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Old 01-24-08, 05:15 PM   #1
sourdough
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Heart rate and heart rate moniters

What heart rate should you be aiming for on a 3 hour bike ride?

I was told you should keep it well below 70% for a good workout. And it was not healthy to keep your heart working that high.

I figure if I was not weak our out of breath I was doing ok.

Would a heart rate moniter be helpful or is this taking the fun out of bike riding?

What sould a person pay for a decent heart rate moniter?

Thanks
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Old 01-24-08, 05:57 PM   #2
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I use a Polar F4 I bought at MEC (are you a member? They do mail orders!). It was $92.00. All I did was imput my age, weight, height and it calculated my minimum to maximum range. It also figures out how many calories I've burned, and stores the info. All on one not-at-all-nerdy-looking watch. When you exercise you put a strap around your chest and it transmits the info to the watch.

I found I like checking on my heart rate and the calories burned and comparing ride-to-ride.

As far as price, MEC has quite a range: Timex from $58.00 to Suunto for more than $600. The co-op usually has the best prices, but it's hard to beat their return policy.

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Old 01-24-08, 06:56 PM   #3
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Originally Posted by sourdough View Post
What heart rate should you be aiming for on a 3 hour bike ride?

I was told you should keep it well below 70% for a good workout. And it was not healthy to keep your heart working that high.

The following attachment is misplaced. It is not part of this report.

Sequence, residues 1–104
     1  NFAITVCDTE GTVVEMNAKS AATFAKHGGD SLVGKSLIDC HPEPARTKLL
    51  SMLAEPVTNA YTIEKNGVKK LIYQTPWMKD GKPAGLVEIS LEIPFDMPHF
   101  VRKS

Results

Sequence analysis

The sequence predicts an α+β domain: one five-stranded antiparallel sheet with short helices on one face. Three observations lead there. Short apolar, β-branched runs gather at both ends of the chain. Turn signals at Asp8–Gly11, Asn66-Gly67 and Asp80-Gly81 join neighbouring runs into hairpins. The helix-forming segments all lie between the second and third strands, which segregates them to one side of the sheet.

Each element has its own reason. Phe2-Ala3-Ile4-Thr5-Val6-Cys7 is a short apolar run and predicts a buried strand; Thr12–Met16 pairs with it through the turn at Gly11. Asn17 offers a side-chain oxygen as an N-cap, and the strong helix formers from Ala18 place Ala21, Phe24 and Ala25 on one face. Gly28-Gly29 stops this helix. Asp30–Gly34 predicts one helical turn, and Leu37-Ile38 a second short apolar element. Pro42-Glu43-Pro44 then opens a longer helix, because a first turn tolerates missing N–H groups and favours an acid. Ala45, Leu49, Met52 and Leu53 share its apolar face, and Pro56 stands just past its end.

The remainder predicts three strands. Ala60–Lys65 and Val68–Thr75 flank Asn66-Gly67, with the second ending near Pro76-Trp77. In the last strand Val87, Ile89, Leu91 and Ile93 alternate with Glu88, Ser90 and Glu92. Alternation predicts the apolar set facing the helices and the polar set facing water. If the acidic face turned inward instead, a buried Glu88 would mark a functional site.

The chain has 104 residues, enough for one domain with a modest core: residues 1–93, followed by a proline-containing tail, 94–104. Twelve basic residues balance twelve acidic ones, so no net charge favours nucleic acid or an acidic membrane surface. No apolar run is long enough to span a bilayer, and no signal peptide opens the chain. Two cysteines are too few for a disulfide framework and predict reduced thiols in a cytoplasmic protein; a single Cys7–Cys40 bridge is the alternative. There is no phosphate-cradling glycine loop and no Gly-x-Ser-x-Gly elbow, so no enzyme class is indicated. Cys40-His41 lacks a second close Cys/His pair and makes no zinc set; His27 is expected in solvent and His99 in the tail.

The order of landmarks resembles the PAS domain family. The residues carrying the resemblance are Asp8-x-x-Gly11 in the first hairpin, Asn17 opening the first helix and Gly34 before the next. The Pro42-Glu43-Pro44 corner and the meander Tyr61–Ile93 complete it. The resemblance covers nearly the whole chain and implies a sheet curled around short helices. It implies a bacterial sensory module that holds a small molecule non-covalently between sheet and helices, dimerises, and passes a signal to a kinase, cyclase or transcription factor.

I figure if I was not weak our out of breath I was doing ok.

Would a heart rate moniter be helpful or is this taking the fun out of bike riding?

What sould a person pay for a decent heart rate moniter?

Thanks
I did a 3 hour ride on Tuesday , where I averaged 79% of my maximum observed heart rate, or 87% of my "functional threshold" heart rate (average HR for a highly motivated 1 hr TT).

It is best to base heart rate training zones on FTHR, because it is a reflection of your current fitness:

L1 - recovery: <68% FTHR
L2 - endurance: 69-83% FTHR
L3 - tempo: 84-94% FTHR
L4 - threshold: 95-105% FTHR
L5 - vo2 max: >106% FTHR
L6 - anaerobic capacity: HR not useful as a guide
L7 - neuromuscular power: HR not useful as a guide

There is a pitfall to training by heart rate. On my ride I paced myself, with my powertap, at a steady power output that I knew I could maintain for ~3 hrs. My average heart rate for the first hour was 140 bpm (84% FTHR). For the second hour, my average heart rate was 146 bpm (87% FTHR). And finally for the third hour, my average heart rate was 152 bpm (91% FTHR). Remember, my power output was constant.

If I had tried to target a specific heart rate for the entire ride, my power output would have had to drop gradually to compensate for this heart rate "drift".

If all this does not pique your interest, then I'd say a heart rate monitor will take all the fun out of cycling.

I paid ~$200 for my Polar. It has training zones, intervals, etc.
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Old 01-24-08, 07:06 PM   #4